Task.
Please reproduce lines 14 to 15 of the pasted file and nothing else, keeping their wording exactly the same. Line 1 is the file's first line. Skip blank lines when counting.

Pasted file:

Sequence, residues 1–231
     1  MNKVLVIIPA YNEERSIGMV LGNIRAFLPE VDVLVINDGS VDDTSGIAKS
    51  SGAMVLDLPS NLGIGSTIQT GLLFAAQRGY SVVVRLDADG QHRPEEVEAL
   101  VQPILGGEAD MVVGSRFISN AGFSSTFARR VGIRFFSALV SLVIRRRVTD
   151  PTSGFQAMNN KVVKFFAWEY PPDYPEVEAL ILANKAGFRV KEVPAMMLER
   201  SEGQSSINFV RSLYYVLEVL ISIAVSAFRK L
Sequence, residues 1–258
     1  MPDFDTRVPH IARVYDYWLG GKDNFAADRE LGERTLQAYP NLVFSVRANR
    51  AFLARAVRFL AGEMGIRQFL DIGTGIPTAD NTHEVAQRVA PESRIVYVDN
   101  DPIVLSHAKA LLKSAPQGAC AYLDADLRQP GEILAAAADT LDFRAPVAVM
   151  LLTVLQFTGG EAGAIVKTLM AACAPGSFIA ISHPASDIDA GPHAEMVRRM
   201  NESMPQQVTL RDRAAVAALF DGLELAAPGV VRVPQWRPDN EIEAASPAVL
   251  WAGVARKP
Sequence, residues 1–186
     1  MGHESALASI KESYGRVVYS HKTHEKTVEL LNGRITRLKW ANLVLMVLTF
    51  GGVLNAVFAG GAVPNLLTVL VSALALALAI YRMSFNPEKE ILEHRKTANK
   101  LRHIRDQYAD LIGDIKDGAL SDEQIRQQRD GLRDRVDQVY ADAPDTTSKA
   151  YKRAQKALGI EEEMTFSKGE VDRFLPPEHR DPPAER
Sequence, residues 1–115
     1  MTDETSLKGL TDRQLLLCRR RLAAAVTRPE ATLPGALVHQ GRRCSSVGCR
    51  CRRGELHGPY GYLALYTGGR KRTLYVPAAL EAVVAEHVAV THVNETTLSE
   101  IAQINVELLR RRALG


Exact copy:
Sequence, residues 1–186
     1  MGHESALASI KESYGRVVYS HKTHEKTVEL LNGRITRLKW ANLVLMVLTF